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Rapid Eye Movement Sleep Behavior Disorder and Other Rapid Eye Movement Sleep Parasomnias

Ho¨gl, Birgit MD; Iranzo, Alex MD

doi: 10.1212/CON.0000000000000489
Review Articles

ABSTRACT Purpose of Review: The most common rapid eye movement (REM) parasomnia encountered by neurologists is REM sleep behavior disorder (RBD), and nightmares are so frequent that every neurologist should be able to differentiate them from the dream enactment of RBD. Isolated sleep paralysis is relatively common and is often mistaken for other neurologic disorders. This article summarizes the current state of the art in the diagnosis of RBD, discusses the role of specific questionnaires and polysomnography in the diagnosis of RBD, and reviews recent studies on idiopathic RBD as an early feature of a synucleinopathy, secondary RBD, and its management. Recent diagnostic criteria and implications of nightmares and isolated sleep paralysis are also reviewed.

Recent Findings: Idiopathic RBD can now be considered as part of the prodromal stage of a synucleinopathy. Therefore, an accurate diagnosis is mandatory, and this implies detection of REM sleep without atonia. The polysomnography montage, including EMG of the submentalis and flexor digitorum superficialis muscles, provides a high sensitivity and specificity for the diagnosis. The exact diagnosis is important for patient counseling and for future neuroprotective trials.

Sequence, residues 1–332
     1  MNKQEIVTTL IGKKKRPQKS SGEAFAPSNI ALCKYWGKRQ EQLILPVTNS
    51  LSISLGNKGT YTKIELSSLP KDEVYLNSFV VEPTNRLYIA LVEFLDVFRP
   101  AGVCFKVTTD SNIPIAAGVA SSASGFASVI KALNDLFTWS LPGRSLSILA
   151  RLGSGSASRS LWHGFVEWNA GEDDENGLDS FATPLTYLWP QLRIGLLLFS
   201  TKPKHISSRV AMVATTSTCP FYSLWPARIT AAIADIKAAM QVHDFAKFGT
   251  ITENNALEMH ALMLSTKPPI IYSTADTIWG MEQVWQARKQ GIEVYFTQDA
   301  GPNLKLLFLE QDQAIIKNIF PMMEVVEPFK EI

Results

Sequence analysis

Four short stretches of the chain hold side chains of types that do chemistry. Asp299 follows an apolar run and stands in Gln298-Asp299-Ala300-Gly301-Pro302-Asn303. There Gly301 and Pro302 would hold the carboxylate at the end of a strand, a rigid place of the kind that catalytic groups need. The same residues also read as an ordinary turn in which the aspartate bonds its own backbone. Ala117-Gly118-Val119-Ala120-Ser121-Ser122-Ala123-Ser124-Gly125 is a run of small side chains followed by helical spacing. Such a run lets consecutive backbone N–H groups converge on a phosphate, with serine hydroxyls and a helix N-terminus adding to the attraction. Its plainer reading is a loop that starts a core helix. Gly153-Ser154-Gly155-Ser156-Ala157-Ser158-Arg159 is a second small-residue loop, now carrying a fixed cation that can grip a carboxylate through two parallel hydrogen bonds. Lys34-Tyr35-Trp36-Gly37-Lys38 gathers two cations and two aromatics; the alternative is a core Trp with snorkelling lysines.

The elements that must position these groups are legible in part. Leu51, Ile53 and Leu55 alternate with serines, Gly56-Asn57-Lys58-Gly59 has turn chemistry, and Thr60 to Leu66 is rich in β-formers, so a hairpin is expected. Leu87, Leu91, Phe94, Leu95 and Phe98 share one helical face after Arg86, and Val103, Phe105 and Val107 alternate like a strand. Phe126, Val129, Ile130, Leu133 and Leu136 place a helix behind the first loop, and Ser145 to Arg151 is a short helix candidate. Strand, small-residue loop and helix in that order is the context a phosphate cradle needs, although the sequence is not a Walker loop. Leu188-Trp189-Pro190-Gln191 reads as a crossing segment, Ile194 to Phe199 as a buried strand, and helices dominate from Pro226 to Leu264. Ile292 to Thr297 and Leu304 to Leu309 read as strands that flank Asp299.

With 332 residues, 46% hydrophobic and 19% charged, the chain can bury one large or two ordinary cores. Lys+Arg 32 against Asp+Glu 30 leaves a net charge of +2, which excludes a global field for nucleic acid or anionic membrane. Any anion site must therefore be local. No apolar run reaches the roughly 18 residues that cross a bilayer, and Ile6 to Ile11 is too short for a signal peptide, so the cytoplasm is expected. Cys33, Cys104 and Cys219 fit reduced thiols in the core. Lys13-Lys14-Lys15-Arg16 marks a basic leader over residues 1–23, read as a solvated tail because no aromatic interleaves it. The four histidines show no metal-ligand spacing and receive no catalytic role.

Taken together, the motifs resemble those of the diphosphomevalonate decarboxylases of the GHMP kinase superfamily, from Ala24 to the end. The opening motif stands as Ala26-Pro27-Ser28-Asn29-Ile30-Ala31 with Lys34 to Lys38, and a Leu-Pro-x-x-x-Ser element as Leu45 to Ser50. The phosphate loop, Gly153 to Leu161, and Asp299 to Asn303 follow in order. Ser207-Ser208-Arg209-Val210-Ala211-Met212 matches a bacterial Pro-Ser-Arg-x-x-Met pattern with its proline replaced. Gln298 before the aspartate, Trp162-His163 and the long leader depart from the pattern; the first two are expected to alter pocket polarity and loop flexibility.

Summary: REM parasomnias include RBD, sleep paralysis, and nightmares, which have distinct clinical characteristics and different implications regarding diagnostic procedures, management, and prognosis.

Address correspondence to Dr Birgit Ho¨gl, Department of Neurology, Medical University of Innsbruck, Anichstrasse 35, Innsbruck 6020, Austria, birgit.ho@i-med.ac.at.

Relationship Disclosure: Dr Högl serves as associate editor of the Journal of Clinical Sleep Medicine and receives personal compensation for serving on the advisory board of Mundipharma and UCB. Dr Ho¨gl has received honoraria for lectures for Abbvie, Eli Lilly and Company, Janssen Cilag, Lundbeck, Mundipharma, Otsuka Pharmaceutical, and UCB, and as a consultant for Axovant and Benevolent Bio. Dr Ho¨gl receives royalties from Cambridge University Press and Springer. Dr Iranzo has received personal compensation for serving on the advisory board of and as a lecturer for Otsuka Pharmaceutical and UCB.

Unlabeled Use of Products/Investigational Use Disclosure: Drs Högl and Iranzo discuss the unlabeled/investigational use of clonazepam and melatonin for the management of rapid eye movement sleep behavior disorder.

Supplemental digital content: Videos accompanying this article are cited in the text as Supplemental Digital Content. Videos may be accessed by clicking on links provided in the HTML, PDF, and app versions of this article; the URLs are provided in the print version. Video legends begin on page 1031.

© 2017 American Academy of Neurology
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